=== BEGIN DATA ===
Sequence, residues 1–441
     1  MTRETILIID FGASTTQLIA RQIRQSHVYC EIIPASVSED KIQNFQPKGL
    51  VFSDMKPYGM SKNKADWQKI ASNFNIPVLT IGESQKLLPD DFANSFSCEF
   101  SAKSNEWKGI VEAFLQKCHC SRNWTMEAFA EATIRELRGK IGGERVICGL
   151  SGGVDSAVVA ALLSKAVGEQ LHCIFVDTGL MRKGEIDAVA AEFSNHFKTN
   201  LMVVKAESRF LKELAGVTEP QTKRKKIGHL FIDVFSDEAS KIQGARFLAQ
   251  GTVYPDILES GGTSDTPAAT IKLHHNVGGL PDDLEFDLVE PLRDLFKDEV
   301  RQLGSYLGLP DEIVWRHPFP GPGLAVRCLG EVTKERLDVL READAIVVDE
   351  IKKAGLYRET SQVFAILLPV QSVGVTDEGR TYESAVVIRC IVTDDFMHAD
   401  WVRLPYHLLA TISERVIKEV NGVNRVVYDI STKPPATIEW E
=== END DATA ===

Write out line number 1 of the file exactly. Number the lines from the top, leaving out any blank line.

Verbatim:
Sequence, residues 1–441